Control signals for the switching sequence are provided by controller 123. All input and output signals for controller 123 are logic levels or pulse waveforms from 0 to +5 V. In normal operation, controller 123 monitors a 12 bit digital word representing the desired bearing center from the synchro-to-digital converter 124. Controller 123 then determines, within a five degree increment, which bearing is to be selected. If a charge in bearing is required, controller 123 generates a proper sequence of control signals to actuate crosspoint switching matrix 117 in order to connect the input signals to the appropriate output drivers in an aperture centered about the desired bearing. Since all eight signal channels are directed to the same bearing center, the control signals to the eight crosspoint switching matrixes are connected in parallel. The controller then sets the "COMM INTLK" interlock signal in interlock circuit 131 to indicate that the change in bearing has been completed. The bearing center of crosspoint switching matrix 117 will then be maintained until the input bearing changes to another five degrees segment.
The key element in controller 123 is microprocessor 122. Microprocessor 122 provides sequential control of a number of programmed steps and performs arithmetic operations to permit program decisions based on numerical results. Processed data flows to and from microprocessor 122 on an eight bit, bidirectional data bus. The microprocessor also drives a 16 bit address bus used to designate locations of input and output data points. A control decoder circuit 132 decodes specific codes from the address bus and provides enabling signals to various input/output devices.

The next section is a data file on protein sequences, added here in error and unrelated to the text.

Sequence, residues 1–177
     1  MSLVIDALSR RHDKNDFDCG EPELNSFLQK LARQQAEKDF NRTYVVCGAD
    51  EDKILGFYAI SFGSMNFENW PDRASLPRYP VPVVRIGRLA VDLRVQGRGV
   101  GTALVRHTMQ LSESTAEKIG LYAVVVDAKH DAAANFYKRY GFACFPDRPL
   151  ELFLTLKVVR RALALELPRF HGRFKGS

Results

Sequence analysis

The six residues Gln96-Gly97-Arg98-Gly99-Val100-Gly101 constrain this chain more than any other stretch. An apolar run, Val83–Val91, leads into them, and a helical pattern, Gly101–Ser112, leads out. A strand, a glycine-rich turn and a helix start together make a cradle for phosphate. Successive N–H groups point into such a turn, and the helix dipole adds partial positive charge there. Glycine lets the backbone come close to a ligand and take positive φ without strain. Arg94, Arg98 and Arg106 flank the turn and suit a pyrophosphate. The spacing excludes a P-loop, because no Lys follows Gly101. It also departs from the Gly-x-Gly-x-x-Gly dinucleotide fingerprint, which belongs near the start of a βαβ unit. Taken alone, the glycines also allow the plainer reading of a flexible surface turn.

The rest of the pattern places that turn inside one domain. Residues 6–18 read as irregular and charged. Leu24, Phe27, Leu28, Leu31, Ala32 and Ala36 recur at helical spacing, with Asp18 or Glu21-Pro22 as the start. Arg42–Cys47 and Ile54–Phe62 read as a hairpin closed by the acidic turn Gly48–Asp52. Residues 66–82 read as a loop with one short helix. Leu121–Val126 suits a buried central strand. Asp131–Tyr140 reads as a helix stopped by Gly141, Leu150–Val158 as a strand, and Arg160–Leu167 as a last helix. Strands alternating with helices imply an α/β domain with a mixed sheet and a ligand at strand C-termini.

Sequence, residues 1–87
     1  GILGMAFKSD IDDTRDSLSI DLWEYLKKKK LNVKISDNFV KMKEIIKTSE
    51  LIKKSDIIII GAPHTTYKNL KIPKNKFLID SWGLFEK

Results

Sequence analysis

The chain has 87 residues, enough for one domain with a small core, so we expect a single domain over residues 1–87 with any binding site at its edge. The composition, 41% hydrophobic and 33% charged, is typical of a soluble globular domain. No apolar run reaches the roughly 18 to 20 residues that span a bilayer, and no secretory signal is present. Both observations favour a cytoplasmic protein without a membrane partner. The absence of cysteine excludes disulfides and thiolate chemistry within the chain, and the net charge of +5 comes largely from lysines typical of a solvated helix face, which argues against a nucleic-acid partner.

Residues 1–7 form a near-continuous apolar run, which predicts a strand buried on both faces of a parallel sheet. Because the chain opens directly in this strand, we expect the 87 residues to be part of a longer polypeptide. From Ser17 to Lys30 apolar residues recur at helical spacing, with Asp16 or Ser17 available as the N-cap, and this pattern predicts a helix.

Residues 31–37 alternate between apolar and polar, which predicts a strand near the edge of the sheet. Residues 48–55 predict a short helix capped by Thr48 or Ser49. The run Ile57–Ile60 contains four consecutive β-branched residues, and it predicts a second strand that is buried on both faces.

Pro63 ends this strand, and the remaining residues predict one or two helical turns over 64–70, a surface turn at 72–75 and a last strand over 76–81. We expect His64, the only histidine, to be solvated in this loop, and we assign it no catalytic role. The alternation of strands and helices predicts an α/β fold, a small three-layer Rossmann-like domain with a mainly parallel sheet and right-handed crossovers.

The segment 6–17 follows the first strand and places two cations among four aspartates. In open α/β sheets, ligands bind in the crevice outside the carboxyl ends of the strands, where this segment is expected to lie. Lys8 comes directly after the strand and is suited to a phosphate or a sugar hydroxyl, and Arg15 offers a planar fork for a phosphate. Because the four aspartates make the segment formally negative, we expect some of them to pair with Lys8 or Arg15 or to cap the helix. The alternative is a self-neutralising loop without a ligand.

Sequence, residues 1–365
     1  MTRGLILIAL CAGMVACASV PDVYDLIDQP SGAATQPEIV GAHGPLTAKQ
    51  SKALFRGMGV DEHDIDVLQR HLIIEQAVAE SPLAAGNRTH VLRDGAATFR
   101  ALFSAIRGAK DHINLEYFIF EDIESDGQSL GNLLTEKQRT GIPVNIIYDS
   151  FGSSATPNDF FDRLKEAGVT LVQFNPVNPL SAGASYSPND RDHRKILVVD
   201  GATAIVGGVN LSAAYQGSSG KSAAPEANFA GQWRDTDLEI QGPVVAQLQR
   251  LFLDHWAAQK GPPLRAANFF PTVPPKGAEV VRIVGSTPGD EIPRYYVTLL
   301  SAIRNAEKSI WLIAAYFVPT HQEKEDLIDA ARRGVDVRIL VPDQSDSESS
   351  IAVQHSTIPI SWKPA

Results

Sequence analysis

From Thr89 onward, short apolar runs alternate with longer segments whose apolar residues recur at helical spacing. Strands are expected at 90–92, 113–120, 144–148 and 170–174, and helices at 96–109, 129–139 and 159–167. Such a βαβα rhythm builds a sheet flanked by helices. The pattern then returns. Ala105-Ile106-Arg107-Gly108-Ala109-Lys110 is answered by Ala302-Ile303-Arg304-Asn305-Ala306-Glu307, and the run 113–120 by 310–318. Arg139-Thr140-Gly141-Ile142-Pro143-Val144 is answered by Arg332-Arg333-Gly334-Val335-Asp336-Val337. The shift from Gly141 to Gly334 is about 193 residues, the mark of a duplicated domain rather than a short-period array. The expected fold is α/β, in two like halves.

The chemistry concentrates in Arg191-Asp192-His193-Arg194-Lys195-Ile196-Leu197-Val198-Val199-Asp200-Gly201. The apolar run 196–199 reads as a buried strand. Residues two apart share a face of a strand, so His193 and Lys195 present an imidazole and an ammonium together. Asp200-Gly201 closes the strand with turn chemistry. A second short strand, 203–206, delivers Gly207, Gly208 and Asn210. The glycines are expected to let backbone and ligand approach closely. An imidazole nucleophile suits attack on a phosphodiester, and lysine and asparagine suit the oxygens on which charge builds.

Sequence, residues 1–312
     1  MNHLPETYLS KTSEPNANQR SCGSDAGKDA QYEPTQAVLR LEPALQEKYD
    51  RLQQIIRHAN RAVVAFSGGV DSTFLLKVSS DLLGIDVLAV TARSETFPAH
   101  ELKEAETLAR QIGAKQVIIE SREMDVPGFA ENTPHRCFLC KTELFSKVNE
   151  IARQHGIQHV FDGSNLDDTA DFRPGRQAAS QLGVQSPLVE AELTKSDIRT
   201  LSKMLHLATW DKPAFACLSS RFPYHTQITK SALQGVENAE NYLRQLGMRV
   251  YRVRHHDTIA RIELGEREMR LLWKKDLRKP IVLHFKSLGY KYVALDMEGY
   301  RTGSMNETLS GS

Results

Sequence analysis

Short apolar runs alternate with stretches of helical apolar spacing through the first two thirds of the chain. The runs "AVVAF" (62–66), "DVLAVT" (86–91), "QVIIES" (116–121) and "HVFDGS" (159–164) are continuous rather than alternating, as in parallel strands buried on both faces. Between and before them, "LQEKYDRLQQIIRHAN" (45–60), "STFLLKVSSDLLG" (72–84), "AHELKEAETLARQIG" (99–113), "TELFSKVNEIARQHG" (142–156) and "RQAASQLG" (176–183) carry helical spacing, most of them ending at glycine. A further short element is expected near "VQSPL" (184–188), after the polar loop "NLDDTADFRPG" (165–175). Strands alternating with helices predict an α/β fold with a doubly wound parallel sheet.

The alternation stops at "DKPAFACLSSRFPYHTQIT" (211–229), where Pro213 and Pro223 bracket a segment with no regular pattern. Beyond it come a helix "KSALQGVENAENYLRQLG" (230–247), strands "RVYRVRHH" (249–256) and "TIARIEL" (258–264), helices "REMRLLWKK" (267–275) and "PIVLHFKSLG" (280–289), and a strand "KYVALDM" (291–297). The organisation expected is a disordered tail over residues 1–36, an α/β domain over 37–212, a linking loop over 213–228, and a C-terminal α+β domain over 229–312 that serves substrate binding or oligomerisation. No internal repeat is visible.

A read-only memory 133 provides for storage of up to 2048, eight-bit binary words used for program control by microprocessor 122. Word selection is controlled by eleven bits from the microprocessor address bus. Since the binary words are permanently stored in read-only memory 133, the data is retained even when power is not applied. Temporary storage of data is provided by a random-access memory 134. Eight bit data words are transferred into random-access memory 134 by microprocessor 122, then recalled later when needed. Data word locations are selected using ten bits from the microprocessor address bus.
A strobe decoder/buffers circuit 135 uses eight bits from the microprocessor address bus and enables one of seventy-two outputs used to control crosspoint switching matrix 117 in the signal channels. A selector/data latch 136 is used to hold five data bits from the microprocessor data bus. These five data bits, when used in conjunction with the seventy-two outputs of strobe decoder-buffers 135 control the selection and on/off state of the FET devices in the crosspoint switching matrix 117.
Synchro-to-digital converter 124 receives 90 V RMS three phase, 400 Hz synchro signals representing a desired bearing center and converts this data to a 12 bit natural binary digital word. A 115 V RMS 400 Hz, reference voltage is also supplied to synchro-to-digital converter 124 as a phase reference for correct angle decoding.
Interlock circuits 131 are used to interface two 0 to +5 V. logic signals required to synchronize the operation of the switch with the sonar system being used. The "STEP COMM LOCK COMMAND" signal inhibits rotation of the switch during transmission of a sine wave burst. The "COMM INTLK" signal is developed by the switch to indicate when a change in bearing has been completed.